Tommy Robinson faces up to two years in prison after judges rule him in contempt of court

Far-right activist breached reporting restrictions by 'aggressively confronting and filming' defendants in grooming trial, rule judges 

Chris Baynes
Old Bailey
,Peter Stubley
Friday 05 July 2019 17:13
Tommy Robinson arrives at the Old Bailey for contempt of court hearing

Tommy Robinson is facing a prison sentence after being found in contempt of court for “aggressively confronting and filming” defendants outside a criminal trial.

Two High Court judges ruled he had breached reporting restrictions by livestreaming footage of men accused of sexually exploiting young girls at Leeds Crown Court in May last year.

The former leader of the English Defence League also interfered with the course of justice by intimidating defendants as they entered the building, the judges concluded on Friday, following a two-day hearing at the Old Bailey.

Robinson, real name Stephen Yaxley-Lennon, denied wrongdoing and claimed he had only referred to information that was already in the public domain.

But Dame Victoria Sharp and Mr Justice Warby found him in contempt in three respects.

The judges ruled Robinson, 36, had breached reporting restrictions imposed on the trial by livestreaming video from outside the public entrance to the court and by “aggressively confronting and filming” some of the defendants.

They added the content of the video “gave rise to a substantial risk that the course of justice in that case would be seriously impeded” and the confrontation of the defendants was a direct interference with the course of justice.

“In our judgment, the respondent’s conduct in each of those respects amounted to a serious interference with the administration of justice,” said Dame Victoria.

The judges will give detailed reasoning for their ruling when they sentence Robinson at a later date.

Robinson, wearing a blue jacket, blue shirt and jeans, showed little reaction as the judges announced the decision.

But, outside the court, his supporters howled with anger and chanted “shame on you” as the news filtered through. A small number marched purposefully towards the court’s entrance, which was guarded by police, to voice their rage.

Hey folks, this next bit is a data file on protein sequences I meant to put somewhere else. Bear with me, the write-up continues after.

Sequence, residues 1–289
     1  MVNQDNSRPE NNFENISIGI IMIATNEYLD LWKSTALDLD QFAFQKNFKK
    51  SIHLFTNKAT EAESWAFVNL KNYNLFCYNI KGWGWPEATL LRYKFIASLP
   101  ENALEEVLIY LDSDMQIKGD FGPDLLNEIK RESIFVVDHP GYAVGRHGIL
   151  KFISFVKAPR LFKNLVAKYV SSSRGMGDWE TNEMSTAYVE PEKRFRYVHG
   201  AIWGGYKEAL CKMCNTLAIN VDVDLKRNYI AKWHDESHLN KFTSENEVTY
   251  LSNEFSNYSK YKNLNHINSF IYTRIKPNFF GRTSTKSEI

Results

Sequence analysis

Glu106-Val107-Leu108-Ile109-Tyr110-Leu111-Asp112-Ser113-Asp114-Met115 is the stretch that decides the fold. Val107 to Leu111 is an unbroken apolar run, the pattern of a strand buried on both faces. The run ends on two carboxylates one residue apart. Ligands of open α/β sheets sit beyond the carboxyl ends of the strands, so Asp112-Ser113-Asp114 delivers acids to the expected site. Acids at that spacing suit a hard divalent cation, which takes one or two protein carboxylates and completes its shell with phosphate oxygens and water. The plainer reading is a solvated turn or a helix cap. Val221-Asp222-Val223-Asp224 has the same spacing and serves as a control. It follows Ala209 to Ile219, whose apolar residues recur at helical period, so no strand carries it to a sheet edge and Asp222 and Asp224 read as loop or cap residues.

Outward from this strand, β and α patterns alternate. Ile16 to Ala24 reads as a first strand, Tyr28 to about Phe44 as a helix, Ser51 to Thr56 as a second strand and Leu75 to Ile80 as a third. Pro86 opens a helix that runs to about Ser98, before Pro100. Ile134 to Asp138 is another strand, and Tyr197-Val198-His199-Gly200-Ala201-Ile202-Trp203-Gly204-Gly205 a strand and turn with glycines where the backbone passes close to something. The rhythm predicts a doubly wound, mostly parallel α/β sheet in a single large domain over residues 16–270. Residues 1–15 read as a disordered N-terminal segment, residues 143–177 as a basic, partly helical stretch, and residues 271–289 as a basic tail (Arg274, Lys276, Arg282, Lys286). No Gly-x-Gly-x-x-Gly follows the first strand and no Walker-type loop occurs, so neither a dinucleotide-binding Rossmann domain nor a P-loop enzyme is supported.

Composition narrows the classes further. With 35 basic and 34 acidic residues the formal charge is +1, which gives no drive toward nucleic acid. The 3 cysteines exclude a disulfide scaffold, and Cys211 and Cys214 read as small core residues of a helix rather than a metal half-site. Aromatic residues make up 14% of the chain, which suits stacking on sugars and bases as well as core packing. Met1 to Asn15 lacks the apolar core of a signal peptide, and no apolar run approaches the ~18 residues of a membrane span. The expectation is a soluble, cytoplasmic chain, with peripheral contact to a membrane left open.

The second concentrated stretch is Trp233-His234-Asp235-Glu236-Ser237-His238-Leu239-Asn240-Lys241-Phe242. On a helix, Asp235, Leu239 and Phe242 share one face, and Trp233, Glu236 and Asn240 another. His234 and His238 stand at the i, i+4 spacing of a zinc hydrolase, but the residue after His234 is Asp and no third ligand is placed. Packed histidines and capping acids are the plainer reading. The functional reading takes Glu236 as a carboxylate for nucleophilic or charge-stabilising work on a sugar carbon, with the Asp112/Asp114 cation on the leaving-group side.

Police raised their batons after some supporters attempted to storm fences and hurled beer cans at journalists.

After leaving court, Robinson climbed onto a stage before a crowd of cheering supporters: “I’ve been convicted ‘cos of who I am, not what I’ve done.’’

In a message issued over the Telegram app, Robinson misrepresented contempt of court to suggest photographers who took pictures of him entering the Old Bailey should also face action.

He wrote: “This is the biggest political stitch up we have ever seen. So every single journalist that photographed Tommy going into this court – are they going to be in the Old Bailey and getting guilty of contempt of court?

“This is the biggest case of ‘one rule for Tommy’ and one for everyone else.”

Supporters of Tommy Robinson clash with police outside the Old Bailey after he was found guilty of contempt of court

Robinson was found to be in contempt over footage broadcast on 25 May 2018 while the jury in the second of a series of linked grooming trials was considering its verdict.

A reporting restriction was in place which postponed the publication of any details of the case until the end of all the trials involving 29 people, in a bid to ensure all defendants received a fair trial.

The video lasted an hour-and-a-half and was viewed online 250,000 times after being livestreamed on Facebook.

Robinson, from Luton, Bedfordshire, was jailed for 13 months last May after being found in contempt of court on the day of the broadcast.

He served two months in jail before being freed after that finding of contempt was overturned by the Court of Appeal in August.

But the case was then referred back to the attorney general, who announced in March that it was in the public interest to bring fresh proceedings against Robinson.

Dame Victoria and Mr Justice Warby gave permission for the attorney general to bring a new case against Robinson at a hearing in May.

Speaking after Friday’s ruling, the attorney general, Geoffrey Cox, said: “Posting material online that breaches reporting restrictions or risks prejudicing legal proceedings is a very serious matter and this is reflected in the court’s decision today.

“I would urge everyone to think carefully about whether their social media posts could amount to contempt of court.”

Robinson’s sentencing hearing has been provisionally set for 11 July, depending on the availability of a medical expert to assess him.

Contempt of court carries a maximum sentence of two years.

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